Aviation Security Summit General Session III
Congressional Leadership Perspective
Joel Bacon, VP Airport Legislative Alliance, AAAE
Mike Rogers (R-AL)
(written in real-time during the session – please forgive grammatical and structure errors – comments are paraphrased, unless enclosed in quotes
“We are never going to be able to travel the way we used to, in our lifetime,” Rogers said, kicking off his post lunch comments.
Congress is coming next year with another credentialing bill. “We’re waiting for TSA to do right, but if they won’t do right, we’re going to make them do right.”
Rogers addressed the federal procurement process. A development of this assessment, has resulted in the Transportation Security Caucus. The caucus is for other members of Congress and their staff to educate them on the challenges and to build relationships between folks in the private sector and the department.
“The only way we’re ever going to meet our challenges is with the private sector,” Rogers said, pointed to the Department of Defense as an organization that has engaged the private sector effectively.
“The next focus is shifting towards, risk based security. It’s a waste of time an energy to treat everyone as a suspected terrorist. And we don’t have the money to keep doing that.”
Unfortunately, Rogers decided to take the time to actually explain the pre-check process, in detail, to an audience that could give a lecture on is, and more accurately. This isn’t preaching to the choir, it’s preaching to the preachers.
Another area of focus in the new approach to aviation security, is a focus on intelligence.
Rogers comments continued to address areas of well-known technologies, systems and future programs; he explained the layers of the aviation security system, then introduced the vapor-wake detection K-9 teams that are currently being developed. One key point though that many may not be aware of, is that the K-9 teams can detect an odor of up to 15 minutes after the individual possessing the odor, has passed through the area.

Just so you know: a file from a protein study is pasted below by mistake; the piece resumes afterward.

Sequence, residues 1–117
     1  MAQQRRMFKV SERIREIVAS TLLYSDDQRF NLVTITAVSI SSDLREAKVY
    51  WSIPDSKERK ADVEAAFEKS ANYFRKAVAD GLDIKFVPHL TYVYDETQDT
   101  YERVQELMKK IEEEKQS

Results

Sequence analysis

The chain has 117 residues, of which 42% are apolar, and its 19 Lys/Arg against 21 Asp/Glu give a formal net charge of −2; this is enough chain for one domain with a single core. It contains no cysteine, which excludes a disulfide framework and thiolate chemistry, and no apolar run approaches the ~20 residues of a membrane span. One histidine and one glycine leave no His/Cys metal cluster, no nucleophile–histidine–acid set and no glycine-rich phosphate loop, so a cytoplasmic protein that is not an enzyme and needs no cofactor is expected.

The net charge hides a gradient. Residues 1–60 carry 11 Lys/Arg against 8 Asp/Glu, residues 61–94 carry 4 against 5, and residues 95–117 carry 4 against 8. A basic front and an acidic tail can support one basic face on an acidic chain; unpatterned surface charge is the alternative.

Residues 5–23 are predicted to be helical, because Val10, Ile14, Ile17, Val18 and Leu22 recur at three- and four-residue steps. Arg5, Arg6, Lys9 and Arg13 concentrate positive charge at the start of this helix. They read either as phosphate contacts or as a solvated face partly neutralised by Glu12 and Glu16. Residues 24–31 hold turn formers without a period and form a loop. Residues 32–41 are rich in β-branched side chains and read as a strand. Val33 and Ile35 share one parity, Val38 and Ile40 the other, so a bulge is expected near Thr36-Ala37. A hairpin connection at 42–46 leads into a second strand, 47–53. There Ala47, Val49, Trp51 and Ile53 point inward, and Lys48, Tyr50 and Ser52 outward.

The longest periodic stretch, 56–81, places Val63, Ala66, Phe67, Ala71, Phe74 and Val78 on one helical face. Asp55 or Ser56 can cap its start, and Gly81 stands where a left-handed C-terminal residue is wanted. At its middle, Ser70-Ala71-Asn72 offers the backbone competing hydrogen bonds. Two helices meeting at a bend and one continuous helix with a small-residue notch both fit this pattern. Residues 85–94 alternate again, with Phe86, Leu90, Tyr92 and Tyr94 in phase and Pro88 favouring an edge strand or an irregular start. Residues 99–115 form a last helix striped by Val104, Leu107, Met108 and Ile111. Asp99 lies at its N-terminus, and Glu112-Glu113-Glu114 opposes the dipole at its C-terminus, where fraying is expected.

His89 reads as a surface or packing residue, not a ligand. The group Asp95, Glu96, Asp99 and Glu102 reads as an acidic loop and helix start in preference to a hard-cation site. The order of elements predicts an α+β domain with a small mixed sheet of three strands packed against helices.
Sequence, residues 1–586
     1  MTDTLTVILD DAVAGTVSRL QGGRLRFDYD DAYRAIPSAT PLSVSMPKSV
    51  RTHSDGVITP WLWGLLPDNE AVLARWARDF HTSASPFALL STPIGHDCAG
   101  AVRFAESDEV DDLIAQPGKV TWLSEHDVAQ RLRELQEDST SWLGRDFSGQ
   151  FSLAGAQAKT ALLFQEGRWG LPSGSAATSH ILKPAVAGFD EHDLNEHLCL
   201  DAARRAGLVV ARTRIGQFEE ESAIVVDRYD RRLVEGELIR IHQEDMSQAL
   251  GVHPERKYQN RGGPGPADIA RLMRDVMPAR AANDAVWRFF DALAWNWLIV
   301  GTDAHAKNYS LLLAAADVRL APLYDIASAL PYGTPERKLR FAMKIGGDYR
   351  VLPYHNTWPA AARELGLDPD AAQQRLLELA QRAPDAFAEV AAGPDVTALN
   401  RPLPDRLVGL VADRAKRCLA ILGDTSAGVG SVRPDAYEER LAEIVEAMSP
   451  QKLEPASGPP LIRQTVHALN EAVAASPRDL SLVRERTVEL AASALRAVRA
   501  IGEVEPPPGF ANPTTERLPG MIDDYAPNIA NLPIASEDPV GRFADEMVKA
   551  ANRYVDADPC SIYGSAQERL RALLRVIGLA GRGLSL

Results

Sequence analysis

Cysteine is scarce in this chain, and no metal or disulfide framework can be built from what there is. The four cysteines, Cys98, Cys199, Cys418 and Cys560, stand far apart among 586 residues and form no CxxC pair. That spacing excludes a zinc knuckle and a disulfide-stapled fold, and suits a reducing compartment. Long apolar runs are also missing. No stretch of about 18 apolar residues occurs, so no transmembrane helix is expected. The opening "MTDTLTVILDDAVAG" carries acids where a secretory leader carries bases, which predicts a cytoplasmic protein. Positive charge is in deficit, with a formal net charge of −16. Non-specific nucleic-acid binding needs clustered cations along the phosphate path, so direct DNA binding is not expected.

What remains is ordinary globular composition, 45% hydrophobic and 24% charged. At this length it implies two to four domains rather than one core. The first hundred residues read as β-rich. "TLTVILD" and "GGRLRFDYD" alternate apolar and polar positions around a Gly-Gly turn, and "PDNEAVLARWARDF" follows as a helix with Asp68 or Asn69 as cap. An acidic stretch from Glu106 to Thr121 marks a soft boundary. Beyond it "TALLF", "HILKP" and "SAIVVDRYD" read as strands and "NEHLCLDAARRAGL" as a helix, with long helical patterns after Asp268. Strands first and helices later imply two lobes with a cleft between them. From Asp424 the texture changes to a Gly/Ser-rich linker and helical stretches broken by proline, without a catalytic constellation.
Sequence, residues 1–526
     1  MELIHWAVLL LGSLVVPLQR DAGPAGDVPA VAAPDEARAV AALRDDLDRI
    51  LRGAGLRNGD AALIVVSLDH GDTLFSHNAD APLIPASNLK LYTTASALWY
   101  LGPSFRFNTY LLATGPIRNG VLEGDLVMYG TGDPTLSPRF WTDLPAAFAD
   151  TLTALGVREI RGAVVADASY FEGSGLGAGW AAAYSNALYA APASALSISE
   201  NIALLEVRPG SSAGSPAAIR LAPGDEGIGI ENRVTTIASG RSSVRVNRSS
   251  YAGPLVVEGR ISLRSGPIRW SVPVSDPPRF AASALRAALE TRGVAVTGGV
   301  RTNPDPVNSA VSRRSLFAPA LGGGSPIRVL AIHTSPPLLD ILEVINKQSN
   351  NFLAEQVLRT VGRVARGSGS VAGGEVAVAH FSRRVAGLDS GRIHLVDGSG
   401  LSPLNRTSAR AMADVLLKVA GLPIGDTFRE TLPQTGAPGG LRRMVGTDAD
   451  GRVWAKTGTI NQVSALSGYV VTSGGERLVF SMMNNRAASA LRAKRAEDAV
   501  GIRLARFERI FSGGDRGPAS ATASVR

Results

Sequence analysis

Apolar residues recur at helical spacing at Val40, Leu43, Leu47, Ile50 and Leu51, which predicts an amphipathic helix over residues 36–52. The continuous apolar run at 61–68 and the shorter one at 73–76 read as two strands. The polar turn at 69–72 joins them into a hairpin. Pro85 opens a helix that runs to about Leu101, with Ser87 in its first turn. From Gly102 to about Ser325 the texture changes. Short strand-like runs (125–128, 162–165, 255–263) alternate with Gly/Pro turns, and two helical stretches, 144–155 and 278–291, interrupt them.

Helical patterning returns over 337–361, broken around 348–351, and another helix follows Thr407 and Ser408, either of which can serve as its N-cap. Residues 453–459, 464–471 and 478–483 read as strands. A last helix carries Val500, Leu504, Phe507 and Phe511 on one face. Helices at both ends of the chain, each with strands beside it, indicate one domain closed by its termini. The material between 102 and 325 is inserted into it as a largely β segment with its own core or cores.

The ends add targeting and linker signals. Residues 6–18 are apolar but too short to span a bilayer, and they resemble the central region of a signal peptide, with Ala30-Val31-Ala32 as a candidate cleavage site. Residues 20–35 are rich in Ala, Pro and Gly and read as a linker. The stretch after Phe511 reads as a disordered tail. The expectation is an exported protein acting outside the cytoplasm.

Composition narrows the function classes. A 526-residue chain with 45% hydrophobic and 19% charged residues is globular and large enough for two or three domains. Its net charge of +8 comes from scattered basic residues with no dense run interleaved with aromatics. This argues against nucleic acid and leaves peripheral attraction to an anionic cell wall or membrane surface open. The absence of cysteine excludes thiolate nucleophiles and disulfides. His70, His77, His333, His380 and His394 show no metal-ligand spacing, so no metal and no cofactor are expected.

The long term vision for K-9 wake detection is to be able to use a dog to screen flights coming into the U.S. from international destinations – which, if it was in use two years ago, may have been able to detect the underwear bomber from Amsterdam.
Q: Status of the Screening Partnership Program (SPP)
A: We’re going to have to keep nudging the TSA to comply and if they don’t, we may have to take action. Rogers criticized the TSA’s desire to keep employees and the number of Union members up.
Q: There are over 100 committees and subcommittees that have some oversight over some element of Homeland Security – how is one more going to help (particularly when Congress wants TSA to be more efficient, yet here is another Congressional committee over homeland security).
A: The transportation security caucus has no jurisdiction over anybody. It has not authority or power, except to engage industry. Rogers said he would like to see fewer committees focused on Homeland Security – but the problem is it goes back to the general nature of Congress to be inefficient. We have called on Speaker Boehner to consolidate the committees, and establish consolidated jurisdiction.
Q: A participant wondered about creating the TSA Administrator position as something other than a revolving door – where every couple of years a new Administrator comes along, where they say the same things and have to be reeducated about airports, and asked us to rehash the same subjects we’ve been talking about for 20 years.
A: Rogers joked that Pistole is presently doing a good job, and as long as he continues to do so, he’ll keep his job.
(thus making the point)